A Digital Era in Audio Industry
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A Digital Era in Audio Industry
iTunes and other media distribution is throttling the Audio Industry into a new era: On one hand, it's increasing accessibility, and on the other hand, the "99 cent" singles and single purchases are killing the consumerism in Audio.
Curated by Destin Perry
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Apple blames rights holders for 70% mark-ups

Apple blames rights holders for 70% mark-ups | A Digital Era in Audio Industry | Scoop.it
Apple Australia boss Tony King has blamed record labels, movie studios and TV networks for inflated prices of digital media paid by Australians on the iTunes store.

Via Xian
Destin Perry's insight:

This is another example of digital media being not-so-accessible to people all over the world. With record companies and artists feeling pinned in a corner, there are these situations to remind us that they can show desperation to generate more revenue. In their mind, the costs that a physical record would spike by being shipped to australia should be transferred over to a digital copy, even though the complications aren't all there.

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Xian's curator insight, March 21, 2013 9:43 PM

Thinking of buying apps or softwares in Australia? It wouldn't be a wise choice... for now.

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Minnesota musicians making the most of a digitial economy | Blandin on Broadband

The Minneapolis St Paul Business Journal ran a series on Friday of Minnesota musicians who are thriving in the digital economy. Think of how different the music business is now that we can download, upload and manipulate audio files quickly and easily. The music industry as a whole has not always handles the changes with grace – so it’s nice to see some shining local stars who have.

 

The series is worth reading – in fact I decided it was worth a MSPBJ substitution – but I just wanted to offer a laundry list of musicians and innovations…

 

Click headline to read more--


Via Chuck Sherwood, Senior Associate, TeleDimensions, Inc
Destin Perry's insight:

This article is about a series of musicians that are thriving in the new digital industry in different ways than just depending on a track sales in iTunes. From research, I've found that the main problem with the industry right now is that it doesn't reward sales as much as it rewards the extras; other sales, performances, donations, kickstarters. With the digital era become more accessible, it rewards indie efforts just as much, if not more, than commercial ones. There are lessons to be learned from the scope of indie production and what it takes to appeal and be spread over the internet... especially with sales becoming less important, and the whole range of exposure.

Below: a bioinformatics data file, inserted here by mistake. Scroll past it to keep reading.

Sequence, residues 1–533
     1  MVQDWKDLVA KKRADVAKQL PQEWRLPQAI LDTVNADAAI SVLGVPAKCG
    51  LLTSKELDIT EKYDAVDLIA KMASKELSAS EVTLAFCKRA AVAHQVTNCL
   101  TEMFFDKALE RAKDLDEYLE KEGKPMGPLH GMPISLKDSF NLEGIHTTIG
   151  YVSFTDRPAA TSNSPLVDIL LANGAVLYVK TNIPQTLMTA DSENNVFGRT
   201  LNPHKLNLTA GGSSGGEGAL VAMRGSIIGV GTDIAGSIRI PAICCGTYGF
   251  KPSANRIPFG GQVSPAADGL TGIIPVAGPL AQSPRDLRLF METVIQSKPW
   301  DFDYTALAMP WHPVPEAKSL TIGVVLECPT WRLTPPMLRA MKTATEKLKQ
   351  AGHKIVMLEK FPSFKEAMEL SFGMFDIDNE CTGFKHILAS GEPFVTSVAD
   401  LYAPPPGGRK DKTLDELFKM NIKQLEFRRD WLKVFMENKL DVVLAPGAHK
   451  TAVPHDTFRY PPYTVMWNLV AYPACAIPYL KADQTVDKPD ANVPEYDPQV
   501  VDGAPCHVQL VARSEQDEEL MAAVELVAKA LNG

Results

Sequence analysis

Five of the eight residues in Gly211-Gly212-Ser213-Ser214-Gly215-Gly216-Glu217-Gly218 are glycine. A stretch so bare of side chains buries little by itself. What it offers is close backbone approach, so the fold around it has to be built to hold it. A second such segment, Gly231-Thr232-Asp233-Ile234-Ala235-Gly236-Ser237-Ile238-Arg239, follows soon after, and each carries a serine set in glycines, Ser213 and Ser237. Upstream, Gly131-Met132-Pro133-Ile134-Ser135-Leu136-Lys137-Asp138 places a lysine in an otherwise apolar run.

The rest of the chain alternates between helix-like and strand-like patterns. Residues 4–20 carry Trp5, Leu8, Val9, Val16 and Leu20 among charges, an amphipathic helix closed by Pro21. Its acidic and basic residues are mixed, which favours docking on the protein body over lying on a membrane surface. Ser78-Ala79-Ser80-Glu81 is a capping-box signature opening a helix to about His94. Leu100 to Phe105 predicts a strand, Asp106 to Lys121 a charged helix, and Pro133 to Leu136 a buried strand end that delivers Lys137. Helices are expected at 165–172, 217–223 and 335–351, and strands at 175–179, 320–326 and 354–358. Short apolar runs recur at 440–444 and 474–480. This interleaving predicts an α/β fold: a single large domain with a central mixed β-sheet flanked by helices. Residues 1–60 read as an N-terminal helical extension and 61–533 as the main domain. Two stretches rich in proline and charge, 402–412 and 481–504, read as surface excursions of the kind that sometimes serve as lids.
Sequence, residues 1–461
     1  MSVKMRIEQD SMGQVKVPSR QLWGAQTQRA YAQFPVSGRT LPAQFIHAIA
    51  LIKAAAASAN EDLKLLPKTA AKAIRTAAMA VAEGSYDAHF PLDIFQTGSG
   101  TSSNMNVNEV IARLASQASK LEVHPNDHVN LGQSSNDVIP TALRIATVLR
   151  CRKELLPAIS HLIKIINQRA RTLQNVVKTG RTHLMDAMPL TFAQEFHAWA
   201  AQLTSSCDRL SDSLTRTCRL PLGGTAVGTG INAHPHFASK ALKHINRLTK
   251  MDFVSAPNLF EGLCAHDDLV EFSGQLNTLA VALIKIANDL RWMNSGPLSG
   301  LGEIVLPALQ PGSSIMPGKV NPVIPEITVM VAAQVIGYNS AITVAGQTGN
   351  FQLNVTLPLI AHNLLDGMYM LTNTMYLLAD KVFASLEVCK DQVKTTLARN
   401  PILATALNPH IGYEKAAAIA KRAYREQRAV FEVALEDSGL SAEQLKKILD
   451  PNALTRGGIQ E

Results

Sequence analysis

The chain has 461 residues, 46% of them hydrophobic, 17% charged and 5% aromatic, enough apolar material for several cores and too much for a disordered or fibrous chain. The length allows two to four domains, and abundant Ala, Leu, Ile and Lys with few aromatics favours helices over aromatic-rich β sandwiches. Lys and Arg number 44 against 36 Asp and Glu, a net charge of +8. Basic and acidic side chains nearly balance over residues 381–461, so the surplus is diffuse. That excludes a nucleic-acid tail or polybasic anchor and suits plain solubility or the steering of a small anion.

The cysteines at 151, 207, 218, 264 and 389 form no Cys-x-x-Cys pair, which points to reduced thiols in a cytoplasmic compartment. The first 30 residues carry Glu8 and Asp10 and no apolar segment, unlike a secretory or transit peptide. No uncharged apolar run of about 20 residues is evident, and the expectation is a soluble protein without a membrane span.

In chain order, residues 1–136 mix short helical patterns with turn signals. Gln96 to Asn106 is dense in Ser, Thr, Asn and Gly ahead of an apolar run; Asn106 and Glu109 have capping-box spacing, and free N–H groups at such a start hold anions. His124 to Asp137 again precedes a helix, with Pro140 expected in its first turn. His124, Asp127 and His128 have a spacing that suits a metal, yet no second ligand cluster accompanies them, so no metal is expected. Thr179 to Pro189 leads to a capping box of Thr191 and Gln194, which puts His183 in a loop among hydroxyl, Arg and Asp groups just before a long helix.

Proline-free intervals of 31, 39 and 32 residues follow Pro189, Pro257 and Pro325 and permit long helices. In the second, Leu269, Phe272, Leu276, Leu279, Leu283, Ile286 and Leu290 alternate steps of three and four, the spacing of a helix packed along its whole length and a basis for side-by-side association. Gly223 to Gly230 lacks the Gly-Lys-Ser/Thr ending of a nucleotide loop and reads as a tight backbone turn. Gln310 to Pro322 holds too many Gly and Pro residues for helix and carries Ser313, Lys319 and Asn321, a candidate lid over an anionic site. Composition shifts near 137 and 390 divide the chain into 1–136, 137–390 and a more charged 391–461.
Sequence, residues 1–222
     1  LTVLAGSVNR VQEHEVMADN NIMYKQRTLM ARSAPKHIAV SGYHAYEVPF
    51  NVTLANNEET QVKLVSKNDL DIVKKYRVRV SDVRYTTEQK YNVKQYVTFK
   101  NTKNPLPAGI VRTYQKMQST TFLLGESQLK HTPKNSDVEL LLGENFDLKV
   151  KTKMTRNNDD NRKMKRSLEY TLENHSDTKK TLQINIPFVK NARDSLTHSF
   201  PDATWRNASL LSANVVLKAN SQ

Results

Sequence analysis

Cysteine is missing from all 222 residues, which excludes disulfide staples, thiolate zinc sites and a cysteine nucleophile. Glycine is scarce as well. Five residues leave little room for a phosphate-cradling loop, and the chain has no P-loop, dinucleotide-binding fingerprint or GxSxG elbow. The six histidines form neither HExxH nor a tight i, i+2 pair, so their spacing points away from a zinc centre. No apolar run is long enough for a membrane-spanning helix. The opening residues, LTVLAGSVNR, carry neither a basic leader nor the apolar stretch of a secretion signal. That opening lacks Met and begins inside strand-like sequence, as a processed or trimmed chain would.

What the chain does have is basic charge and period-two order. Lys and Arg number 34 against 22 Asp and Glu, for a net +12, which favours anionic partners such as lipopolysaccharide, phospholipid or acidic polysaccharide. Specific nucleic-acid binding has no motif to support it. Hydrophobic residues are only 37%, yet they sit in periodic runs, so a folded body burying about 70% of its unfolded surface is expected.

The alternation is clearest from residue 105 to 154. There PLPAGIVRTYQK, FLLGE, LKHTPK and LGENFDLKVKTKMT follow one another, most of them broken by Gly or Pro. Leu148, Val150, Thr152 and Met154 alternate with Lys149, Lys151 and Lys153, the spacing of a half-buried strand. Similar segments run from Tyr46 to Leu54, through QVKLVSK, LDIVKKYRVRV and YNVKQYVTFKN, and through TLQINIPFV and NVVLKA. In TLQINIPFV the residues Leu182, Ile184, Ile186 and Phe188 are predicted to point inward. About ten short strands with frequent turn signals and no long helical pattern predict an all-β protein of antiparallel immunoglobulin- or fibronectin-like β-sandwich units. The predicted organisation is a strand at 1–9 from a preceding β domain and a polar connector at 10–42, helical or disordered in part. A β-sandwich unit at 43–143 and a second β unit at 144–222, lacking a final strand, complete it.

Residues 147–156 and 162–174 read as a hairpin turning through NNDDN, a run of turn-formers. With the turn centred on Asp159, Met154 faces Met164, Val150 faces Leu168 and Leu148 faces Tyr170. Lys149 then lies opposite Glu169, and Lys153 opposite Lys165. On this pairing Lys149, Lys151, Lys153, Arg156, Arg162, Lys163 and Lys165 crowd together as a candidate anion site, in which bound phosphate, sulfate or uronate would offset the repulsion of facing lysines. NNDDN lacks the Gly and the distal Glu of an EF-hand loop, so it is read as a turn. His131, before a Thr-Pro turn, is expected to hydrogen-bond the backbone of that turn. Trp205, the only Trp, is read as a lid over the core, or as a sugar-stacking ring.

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Dako Larsson's curator insight, September 9, 2013 11:39 AM

    My insight is that The Minnesota St Paul Business was talking about how digital music has changed the industry because people can download the music right away from the internet.  A pro to this is that they do not have to wait to get the music from the store and they can hear it right after it downloads.  A con to this is that not a lot of people are buying albums anymore becuase it is easier to download it.  

     Also if they push to go digital they can get more sales nationwide because people can get their album easier online.  

Adrian Ramirez's curator insight, November 7, 2014 11:17 PM

This article was interesting to my topic because it explains how music artists in Minnesota are able to sell there music and get money  for projects online.

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Brands Bet Millions That Apple's iTunes Radio Scales Quickly - AdAge.com

ZDNet
Brands Bet Millions That Apple's iTunes Radio Scales Quickly
AdAge.com
Like any new service, iTunes Radio will have zero users when it launches on Wednesday.
Destin Perry's insight: